Wednesday,19 June, 2019
Current issue | Issue 1386, (22 - 28 March 2018)
Wednesday,19 June, 2019
Issue 1386, (22 - 28 March 2018)

Ahram Weekly

Wind and waves

Despite wild weather conditions, Alexandria’s Mediterranean coast hosted Egypt’s windsurfing championship, reports Ameera Fouad


As the 2017-2018 season drew to a close, the Egyptian Windsurfing Federation on Saturday announced the finalists of the winter championship at the Yacht Club in Alexandria.

Seven clubs participated in the championship: Alexandria Yacht Club, Cairo Yacht Club, Muqaweloon Al-Arab, Ismailia Club, Maadi Yacht, Alexandria Fishery and Arab Academy.

The winter season saw the rise of many female champions and juniors who were competing for just their first or second time.

“It was a very strong competition. We are really happy with the participation of many juniors as the sport has become more popular than ever before,” Egyptian Windsurfing Federation President Amr Abul- Soud told Al-Ahram Weekly.

“At present we are preparing our players to compete at the Buenos Aires 2018 Youth Olympic Games (YOG) and to represent Egypt at the World Cup so lots of intense training and preparation is on the table,” Abul-Soud added.

Seventy players joined the championship in fierce weather conditions which were characterised by two extremes – either strong winds which provided exceptional sailing power, or dying and dripping wind which made players unable to beat the current. Despite the difficulties, the winners claimed the titles of the competition which ranged in different categories: Optimist, Laser Radial, Surfing, Techno, Laser Standard and RSX.

Salma Al-Ashmawi, 16, won the first medal for Techno for females and is one of the promising players who in less than two years claimed many titles and earned top rankings. She is also one of the players who qualified for YOG, representing Egypt in Argentina this September.

“Although the competition was tough this time, especially in the first round when the water was very still and the wind was almost static, it depended mainly on our physical abilities and fitness to steer the boats,” Al-Ashmawi said.

Al-Ashmawi was one of Egypt’s national team swimmers before falling in love with sailing and windsurfing. “I remember when I went to Moons Beach at Ras Sudr with my friends and I just tried it once and I felt the joy of directing the boat with the splashes of water. I tried to stay on for the longest possible time and then I fell off. It was so much fun,” she said.

“The moment you direct the boat and take control, is the moment of utmost triumph.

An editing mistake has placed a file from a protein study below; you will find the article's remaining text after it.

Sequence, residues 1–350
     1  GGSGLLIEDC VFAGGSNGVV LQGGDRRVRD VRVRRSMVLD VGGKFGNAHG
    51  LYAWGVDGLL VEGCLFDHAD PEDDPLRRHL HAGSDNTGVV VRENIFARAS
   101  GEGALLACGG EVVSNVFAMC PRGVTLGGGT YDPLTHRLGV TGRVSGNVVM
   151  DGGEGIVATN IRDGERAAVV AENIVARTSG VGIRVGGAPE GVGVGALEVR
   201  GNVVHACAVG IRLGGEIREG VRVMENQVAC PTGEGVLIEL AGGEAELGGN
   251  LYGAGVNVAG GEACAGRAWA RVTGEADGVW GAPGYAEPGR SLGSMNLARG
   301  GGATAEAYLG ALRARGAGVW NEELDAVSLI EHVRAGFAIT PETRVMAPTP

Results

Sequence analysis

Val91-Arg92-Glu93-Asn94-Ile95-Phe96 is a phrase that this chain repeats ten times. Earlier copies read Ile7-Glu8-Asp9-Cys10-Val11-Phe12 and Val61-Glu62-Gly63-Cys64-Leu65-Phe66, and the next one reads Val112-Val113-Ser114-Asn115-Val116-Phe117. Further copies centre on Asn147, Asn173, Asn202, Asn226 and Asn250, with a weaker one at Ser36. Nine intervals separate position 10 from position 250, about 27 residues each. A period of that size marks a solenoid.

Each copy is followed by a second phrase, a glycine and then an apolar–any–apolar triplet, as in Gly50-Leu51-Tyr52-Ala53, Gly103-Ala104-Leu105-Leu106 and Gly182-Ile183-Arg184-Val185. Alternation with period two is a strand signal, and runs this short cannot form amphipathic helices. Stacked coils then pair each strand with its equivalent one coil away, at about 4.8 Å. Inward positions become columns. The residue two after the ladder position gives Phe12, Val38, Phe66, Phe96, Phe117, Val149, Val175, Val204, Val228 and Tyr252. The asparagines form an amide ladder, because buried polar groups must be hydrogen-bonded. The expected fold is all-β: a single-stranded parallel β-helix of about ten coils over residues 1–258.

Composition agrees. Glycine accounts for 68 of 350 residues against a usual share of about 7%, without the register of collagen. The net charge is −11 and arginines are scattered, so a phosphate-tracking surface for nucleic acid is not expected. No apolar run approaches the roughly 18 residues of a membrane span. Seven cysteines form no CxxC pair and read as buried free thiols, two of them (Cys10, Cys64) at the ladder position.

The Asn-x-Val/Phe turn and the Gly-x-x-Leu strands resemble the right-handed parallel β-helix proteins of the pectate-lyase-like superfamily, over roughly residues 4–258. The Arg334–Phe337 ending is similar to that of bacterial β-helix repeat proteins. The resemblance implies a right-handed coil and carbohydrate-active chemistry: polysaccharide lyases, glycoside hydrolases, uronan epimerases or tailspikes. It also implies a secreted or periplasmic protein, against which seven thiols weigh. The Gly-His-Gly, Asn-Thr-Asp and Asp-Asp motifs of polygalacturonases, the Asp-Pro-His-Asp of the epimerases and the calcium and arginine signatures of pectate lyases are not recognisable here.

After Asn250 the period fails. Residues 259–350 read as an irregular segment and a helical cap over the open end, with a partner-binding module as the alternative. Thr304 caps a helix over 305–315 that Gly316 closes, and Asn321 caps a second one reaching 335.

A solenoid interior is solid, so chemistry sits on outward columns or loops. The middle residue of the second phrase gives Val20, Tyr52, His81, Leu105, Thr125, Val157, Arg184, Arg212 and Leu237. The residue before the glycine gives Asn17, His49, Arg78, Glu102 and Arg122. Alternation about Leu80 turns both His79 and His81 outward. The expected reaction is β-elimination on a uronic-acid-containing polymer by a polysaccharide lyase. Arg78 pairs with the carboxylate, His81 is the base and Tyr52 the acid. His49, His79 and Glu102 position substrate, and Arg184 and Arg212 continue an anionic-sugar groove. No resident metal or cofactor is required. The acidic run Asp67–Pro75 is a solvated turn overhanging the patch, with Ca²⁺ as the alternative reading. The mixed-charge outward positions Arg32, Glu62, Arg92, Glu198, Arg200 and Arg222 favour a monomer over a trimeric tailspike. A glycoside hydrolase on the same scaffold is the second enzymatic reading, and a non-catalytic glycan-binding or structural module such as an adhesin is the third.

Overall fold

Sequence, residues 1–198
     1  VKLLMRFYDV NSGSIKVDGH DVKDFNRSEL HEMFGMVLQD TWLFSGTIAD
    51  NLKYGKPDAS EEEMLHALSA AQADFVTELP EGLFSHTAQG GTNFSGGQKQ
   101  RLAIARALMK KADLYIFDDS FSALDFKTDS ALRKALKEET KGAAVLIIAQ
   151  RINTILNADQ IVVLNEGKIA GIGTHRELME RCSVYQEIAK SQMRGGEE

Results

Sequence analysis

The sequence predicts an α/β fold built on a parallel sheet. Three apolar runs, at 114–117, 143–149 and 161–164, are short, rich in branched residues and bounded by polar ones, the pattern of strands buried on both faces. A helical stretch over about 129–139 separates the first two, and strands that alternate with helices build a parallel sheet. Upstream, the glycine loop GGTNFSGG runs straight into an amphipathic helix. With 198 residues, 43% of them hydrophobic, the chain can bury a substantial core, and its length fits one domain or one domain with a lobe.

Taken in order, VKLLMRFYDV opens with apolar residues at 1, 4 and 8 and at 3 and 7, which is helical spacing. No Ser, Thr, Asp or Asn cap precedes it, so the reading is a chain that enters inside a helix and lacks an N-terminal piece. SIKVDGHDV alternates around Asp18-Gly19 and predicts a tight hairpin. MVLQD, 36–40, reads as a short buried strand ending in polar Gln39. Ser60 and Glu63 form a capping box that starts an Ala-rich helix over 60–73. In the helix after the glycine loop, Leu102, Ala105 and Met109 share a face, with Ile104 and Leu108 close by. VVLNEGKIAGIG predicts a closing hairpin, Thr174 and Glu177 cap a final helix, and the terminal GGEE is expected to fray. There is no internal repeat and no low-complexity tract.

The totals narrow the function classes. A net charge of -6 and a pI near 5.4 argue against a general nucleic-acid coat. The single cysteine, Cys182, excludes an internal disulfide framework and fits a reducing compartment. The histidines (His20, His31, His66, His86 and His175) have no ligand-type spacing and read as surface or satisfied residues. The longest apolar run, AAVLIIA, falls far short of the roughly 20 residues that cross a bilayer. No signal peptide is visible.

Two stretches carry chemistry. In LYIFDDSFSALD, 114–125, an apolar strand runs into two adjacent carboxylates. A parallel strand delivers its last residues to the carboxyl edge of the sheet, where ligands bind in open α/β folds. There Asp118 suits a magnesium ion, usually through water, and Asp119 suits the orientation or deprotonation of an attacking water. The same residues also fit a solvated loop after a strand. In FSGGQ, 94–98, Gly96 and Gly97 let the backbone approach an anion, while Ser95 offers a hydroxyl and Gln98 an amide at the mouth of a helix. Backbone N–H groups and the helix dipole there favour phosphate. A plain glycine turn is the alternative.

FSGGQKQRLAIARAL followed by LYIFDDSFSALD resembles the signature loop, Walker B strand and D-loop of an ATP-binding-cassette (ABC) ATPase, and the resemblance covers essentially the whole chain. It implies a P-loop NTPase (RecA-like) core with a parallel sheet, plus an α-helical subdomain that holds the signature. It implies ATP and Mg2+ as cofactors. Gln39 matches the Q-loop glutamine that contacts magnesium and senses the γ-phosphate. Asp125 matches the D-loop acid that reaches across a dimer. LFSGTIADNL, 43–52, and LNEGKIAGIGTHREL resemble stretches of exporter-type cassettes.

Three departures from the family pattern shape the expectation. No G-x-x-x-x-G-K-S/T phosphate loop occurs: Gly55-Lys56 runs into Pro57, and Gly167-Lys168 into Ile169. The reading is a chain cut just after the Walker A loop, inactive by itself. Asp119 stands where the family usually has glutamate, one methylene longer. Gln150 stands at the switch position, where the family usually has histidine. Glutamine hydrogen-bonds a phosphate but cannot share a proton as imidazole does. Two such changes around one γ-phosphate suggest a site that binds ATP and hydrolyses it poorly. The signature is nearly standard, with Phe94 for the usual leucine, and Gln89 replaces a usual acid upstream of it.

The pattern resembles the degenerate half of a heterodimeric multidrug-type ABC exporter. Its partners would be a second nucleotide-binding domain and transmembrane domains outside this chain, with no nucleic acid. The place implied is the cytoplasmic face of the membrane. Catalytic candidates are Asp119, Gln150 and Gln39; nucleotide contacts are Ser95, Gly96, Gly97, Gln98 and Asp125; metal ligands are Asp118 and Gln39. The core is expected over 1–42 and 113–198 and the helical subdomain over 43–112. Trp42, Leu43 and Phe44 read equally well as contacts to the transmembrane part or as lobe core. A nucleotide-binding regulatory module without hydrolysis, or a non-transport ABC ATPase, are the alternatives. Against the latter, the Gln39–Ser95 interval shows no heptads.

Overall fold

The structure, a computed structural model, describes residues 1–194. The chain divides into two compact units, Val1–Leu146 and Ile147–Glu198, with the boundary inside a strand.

“I think because I was already physically fit and an ex-swimmer, I was able to grasp windsurfing easily and excel in it,” she added.

According to world touristic recommendations for best countries to windsurf, Egypt tops the destinations, offering the best beaches and coastlines any time of the year. Though the sport is not very popular among Egyptians, it is indeed widespread among many tourists who might want to visit Egypt any time of the year for summer or winter water sports.

“Although Alexandria is not well known for its coastal water sports as Sharm or Dahab, it can indeed deliver perfect windsurfing conditions for wave sailors. Indeed, many national championships take place in Alexandria at the Yacht Club,” Hussein Ezzat, board member in the Egyptian Windsurfing Federation, told the Weekly.

“The club is called the father of all yacht clubs in Egypt as it helped in shaping many water sports in Egypt and in giving rise to windsurfing, fishing, diving, sailing and many other sports.”

Ezzat was a former champion who gave much of his life to boost the sport among younger generations. “I used to play and my daughter was a champion until she reached secondary school and left. I am very happy to see many females at the top of the sport in Egypt but I hope they can continue for many years later on,” Ezzat added.

“I think windsurfing is Egypt’s future not only in sports but also in tourism.

“Imagine if we host international championships in various coastlines in Egypt: the Red Sea, the Mediterranean and the Nile. How many people will get to know about these stunning coasts which offer great wind and beautiful sightseeing,” Ezzat asked.

Although a few Egyptian players are recognised internationally and topped the African rankings, including Al-Ashmawi, Youssef Yasser, Kholoud Mansi, Ali Amin and Mahmoud Al-Tanbouli, they are seldom mentioned in the media. “This is a real disadvantage. We are of course not looking for fame but we are looking for sponsors,” said Yasser, who was awarded the silver medal for second place.

Yasser, who is joining Al-Ghitani at YOG, explained some problems many players face when it comes to lack of sponsorship. “It’s a vicious circle. We need sponsors to finance our kits and our travels but those sponsors will not bother to support us unless the media is interested in what we are doing.”

Yasser, 17, has been playing four years at Muqaweloon Al-Arab. “What I enjoy most in this sport is the family feeling. My coaches are young players themselves. We all know one another. I can never find this in many other sports.”

Adds Yasser: “Though I know I will be competing against world’s top players who have been playing since a very young age, I am aiming for a high ranking.”

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